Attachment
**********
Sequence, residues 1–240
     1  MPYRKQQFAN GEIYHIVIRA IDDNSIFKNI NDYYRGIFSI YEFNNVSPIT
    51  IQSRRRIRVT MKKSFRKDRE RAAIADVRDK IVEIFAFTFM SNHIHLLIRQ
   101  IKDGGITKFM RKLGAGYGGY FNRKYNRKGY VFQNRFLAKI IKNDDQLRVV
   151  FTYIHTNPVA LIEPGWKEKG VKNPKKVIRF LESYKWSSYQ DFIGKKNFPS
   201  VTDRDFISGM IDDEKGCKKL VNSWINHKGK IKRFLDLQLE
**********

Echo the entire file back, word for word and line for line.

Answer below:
Sequence, residues 1–240
     1  MPYRKQQFAN GEIYHIVIRA IDDNSIFKNI NDYYRGIFSI YEFNNVSPIT
    51  IQSRRRIRVT MKKSFRKDRE RAAIADVRDK IVEIFAFTFM SNHIHLLIRQ
   101  IKDGGITKFM RKLGAGYGGY FNRKYNRKGY VFQNRFLAKI IKNDDQLRVV
   151  FTYIHTNPVA LIEPGWKEKG VKNPKKVIRF LESYKWSSYQ DFIGKKNFPS
   201  VTDRDFISGM IDDEKGCKKL VNSWINHKGK IKRFLDLQLE